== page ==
How To Create Profit And Loss (P&L) Statements In Power BI

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In this tutorial, I’ll be teaching the Profit and Loss, or P&L statement, in Power BI.

I’ll show you how to create a table or matrix of financial information. This technique is perfect for financial reporting, especially for those who are in the finance field such as accountancy firms.

profit and loss

I recommend doing this in Power BI since it can produce financial reports like P&L statements and balance sheets in a very compelling way.

Dynamic Filtering In Reports

Within this matrix, you can see a comparison between Actuals versus Last Year.

profit and loss

But you can also change it to Actuals versus Budget because Power BI allows you to dynamically change what you’re showing inside a table.

profit and loss

This is just a measure, but it’s being determined in a dynamic way.

You can also jump between time frames.

profit and loss

This would be difficult to do in Microsoft Excel. Financial reports and analysis are best done inside Power BI because you can utilize the dynamic filtering inside your model.

profit and loss

You can select different areas of your report which filters the other visuals in your report page or in your Power BI model.

Setting Up The Matrix

In making the table to showcase financial information, there are a few things that don’t automatically get created. You need to make some adjustments and changes to the formats.

But once you understand how it’s done, you’ll quickly see that you’re able to do reporting effectively for any financial report such as balance sheets, cash flow statements, or profit and loss statements in Power BI.

For the example, I’m going to create a new page and matrix.

Now, I’m going to find all the filters. By looking at the model, you’ll see that there’s a Date filter and Financial Categories at the top.

There’s also the Financial Data table where all the information and results are stored.

The contents of the Financial Data table show a result for each entity for every single month.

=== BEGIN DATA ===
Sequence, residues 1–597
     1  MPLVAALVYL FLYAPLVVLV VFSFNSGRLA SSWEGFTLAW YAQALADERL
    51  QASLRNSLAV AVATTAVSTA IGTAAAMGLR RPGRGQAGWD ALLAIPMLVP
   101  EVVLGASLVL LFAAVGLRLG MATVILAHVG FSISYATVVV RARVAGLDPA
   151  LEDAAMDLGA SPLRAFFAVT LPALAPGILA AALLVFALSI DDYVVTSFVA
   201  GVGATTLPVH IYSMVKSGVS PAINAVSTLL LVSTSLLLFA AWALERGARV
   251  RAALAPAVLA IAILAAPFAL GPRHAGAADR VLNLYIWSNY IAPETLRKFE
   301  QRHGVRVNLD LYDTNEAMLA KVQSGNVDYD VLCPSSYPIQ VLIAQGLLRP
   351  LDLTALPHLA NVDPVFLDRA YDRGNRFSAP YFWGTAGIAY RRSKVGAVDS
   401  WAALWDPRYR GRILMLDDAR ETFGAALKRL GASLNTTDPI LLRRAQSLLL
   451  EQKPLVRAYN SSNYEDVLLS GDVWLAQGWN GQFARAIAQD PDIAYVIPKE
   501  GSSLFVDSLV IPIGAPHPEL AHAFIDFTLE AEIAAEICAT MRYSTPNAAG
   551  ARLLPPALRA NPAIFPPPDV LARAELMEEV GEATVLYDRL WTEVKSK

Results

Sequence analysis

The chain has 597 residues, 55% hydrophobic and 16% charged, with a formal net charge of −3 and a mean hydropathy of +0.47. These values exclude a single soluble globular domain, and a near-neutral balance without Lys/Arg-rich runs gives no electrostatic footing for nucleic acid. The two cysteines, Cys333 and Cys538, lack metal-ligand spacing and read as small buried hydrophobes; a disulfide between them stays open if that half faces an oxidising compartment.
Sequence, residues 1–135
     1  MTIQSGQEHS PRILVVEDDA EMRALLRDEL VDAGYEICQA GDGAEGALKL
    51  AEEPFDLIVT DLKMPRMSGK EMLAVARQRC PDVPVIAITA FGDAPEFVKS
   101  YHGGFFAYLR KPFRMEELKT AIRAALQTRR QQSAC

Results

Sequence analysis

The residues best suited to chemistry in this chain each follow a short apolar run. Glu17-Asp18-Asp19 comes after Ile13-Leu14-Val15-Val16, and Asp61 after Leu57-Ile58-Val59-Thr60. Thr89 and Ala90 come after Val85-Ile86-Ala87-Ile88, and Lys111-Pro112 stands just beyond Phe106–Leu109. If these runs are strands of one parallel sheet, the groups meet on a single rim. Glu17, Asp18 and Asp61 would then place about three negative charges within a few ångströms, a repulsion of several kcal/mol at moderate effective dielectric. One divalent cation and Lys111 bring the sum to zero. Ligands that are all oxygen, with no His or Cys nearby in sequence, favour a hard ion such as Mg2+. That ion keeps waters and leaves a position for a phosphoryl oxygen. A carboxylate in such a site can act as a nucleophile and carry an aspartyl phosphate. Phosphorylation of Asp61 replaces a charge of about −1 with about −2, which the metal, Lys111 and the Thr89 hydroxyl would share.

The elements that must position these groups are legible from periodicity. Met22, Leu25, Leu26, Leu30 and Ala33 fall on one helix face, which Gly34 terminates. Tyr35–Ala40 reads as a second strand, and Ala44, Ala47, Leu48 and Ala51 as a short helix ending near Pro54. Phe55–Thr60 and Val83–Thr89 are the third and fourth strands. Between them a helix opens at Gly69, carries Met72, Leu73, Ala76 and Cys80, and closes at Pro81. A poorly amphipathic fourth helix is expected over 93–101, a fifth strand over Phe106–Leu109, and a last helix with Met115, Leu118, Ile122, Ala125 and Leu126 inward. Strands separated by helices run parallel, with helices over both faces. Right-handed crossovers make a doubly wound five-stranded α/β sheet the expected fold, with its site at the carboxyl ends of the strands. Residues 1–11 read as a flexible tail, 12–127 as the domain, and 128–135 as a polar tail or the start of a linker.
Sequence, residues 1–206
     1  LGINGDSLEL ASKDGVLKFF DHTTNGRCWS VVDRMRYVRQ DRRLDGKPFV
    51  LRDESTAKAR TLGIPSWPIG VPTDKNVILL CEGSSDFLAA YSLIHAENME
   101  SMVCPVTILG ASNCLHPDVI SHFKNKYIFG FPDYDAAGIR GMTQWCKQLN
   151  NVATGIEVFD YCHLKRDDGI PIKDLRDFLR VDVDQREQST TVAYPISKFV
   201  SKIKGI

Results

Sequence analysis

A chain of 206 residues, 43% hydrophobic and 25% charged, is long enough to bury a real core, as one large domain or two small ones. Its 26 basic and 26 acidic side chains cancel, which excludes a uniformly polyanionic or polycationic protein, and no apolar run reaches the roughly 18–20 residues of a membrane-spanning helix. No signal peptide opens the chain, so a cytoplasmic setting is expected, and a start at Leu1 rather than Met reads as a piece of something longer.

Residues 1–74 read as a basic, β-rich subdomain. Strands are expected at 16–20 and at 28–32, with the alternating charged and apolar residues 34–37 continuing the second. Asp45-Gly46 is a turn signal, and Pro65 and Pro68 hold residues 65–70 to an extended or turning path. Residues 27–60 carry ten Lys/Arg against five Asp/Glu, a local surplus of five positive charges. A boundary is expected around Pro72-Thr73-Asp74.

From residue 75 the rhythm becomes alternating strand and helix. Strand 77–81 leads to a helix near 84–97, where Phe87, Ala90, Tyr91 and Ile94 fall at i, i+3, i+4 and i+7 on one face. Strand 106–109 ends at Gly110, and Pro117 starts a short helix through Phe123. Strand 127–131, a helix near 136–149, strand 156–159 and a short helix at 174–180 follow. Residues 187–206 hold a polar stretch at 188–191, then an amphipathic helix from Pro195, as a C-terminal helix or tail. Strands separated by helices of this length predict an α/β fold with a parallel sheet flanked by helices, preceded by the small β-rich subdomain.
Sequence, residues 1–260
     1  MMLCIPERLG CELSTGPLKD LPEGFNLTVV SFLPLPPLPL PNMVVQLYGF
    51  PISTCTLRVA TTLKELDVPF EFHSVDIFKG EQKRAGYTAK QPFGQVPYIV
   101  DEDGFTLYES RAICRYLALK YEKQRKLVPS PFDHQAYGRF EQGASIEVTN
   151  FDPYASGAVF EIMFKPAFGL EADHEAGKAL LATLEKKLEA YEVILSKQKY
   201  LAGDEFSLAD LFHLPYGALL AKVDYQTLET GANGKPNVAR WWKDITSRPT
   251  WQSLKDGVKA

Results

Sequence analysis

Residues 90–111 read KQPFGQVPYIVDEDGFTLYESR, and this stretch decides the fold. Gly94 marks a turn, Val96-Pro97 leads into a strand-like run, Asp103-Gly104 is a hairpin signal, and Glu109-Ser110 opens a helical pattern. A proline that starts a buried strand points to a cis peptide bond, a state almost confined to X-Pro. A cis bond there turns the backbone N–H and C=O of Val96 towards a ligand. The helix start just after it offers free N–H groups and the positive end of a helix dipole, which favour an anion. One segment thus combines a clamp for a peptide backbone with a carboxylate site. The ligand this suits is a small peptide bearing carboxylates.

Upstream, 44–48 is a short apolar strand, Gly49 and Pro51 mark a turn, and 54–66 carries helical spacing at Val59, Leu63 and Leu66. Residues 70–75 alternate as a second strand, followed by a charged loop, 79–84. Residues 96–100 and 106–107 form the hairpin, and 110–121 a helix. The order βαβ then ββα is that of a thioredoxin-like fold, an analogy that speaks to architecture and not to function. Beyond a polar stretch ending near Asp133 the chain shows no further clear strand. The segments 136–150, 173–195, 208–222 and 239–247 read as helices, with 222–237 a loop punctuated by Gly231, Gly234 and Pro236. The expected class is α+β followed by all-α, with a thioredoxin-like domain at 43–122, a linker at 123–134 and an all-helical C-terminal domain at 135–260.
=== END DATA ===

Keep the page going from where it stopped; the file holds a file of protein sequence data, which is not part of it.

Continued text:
Building The Matrix

Now, let’s build the matrix.

The first thing you need to do is fill in or select the dimensions you want inside the matrix.

Let’s start by grabbing the Sub Category, which is the breakdown of revenue and expenses, from the Rows field. Then, I’m going to grab the Category and Financial Statement List.

This breaks things down line by line.

I’ve already created my Key Measures. I’m going to put Actuals and Budgets into the Values field.

You can see that it’s possible to stick the Measures one by one next to each other.

The last thing I’m going to do is put the Financial Quarters, which is located in the Dates field, into the Columns.

Now, you can see that the breakdown created doesn’t show all the information in one matrix or table. Currently, there’s only Revenue and Expenses.

profit and loss

You can go to the next level in the hierarchy by selecting the double arrow down.

profit and loss

Selecting it again will take you to another level in the hierarchy.

profit and loss

This selection in the levels of hierarchy is simply allowing you to jump between the three different dimensions you have inside the Rows field.

However, this isn’t good enough. Everything should be stacked together.

Go back to the first part of the hierarchy using the drill button or the up arrow.

Then, you’ll see this combined double arrow down.

This allows you to expand all down one level in the hierarchy. Selecting this twice makes the matrix go through all the dimensions one by one and indents them.

profit and loss

You can see that the matrix now has a very common look in financial statements and reporting.

Adjusting The Profit And Loss Statement

Let’s do another example. If you can recall, the first Profit and Loss statement has the Sub Category, Category, and Financial Statement Breakdown side by side and not just indented.

profit and loss

Here’s how to make the adjustment.

Select the matrix. Head over to the Format section and go to Row headers.

Turn off the Stepped layout option.

Turing this off will break up the dimensions and put them side by side. It will also change the headers of the different dimensions.

profit and loss

This puts things in a very chronological way. This looks the same as the Microsoft Excel pivot table, however, Power BI has an additional functionality.

Conclusion

There are many applications for this technique. You can use this across any type of information that you want to put into a matrix or table.

Its filtering ability also allows you to focus on certain areas in the matrix. The selections you’ve made are also going to flow down to other visualizations thereby creating a well-integrated report.

Cheers,

Sam

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